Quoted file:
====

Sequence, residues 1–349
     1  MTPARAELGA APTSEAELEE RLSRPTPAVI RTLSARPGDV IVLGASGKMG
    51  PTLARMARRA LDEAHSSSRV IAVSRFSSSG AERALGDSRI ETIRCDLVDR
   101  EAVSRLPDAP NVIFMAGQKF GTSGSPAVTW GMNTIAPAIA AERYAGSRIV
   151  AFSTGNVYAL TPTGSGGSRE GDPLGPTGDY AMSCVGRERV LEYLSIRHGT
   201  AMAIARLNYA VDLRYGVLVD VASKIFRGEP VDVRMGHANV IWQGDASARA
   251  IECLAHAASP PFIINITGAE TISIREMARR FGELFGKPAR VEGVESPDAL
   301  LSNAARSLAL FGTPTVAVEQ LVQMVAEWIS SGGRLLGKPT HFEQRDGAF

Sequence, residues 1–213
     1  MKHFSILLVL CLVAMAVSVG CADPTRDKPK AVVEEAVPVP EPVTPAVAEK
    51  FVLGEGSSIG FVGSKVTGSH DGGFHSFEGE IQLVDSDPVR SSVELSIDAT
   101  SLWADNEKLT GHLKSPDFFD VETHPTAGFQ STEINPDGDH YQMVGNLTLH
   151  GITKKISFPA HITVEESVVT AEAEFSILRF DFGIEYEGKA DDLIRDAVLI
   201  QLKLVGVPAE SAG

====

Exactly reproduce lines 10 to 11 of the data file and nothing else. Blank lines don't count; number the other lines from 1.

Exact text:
     1  MKHFSILLVL CLVAMAVSVG CADPTRDKPK AVVEEAVPVP EPVTPAVAEK
    51  FVLGEGSSIG FVGSKVTGSH DGGFHSFEGE IQLVDSDPVR SSVELSIDAT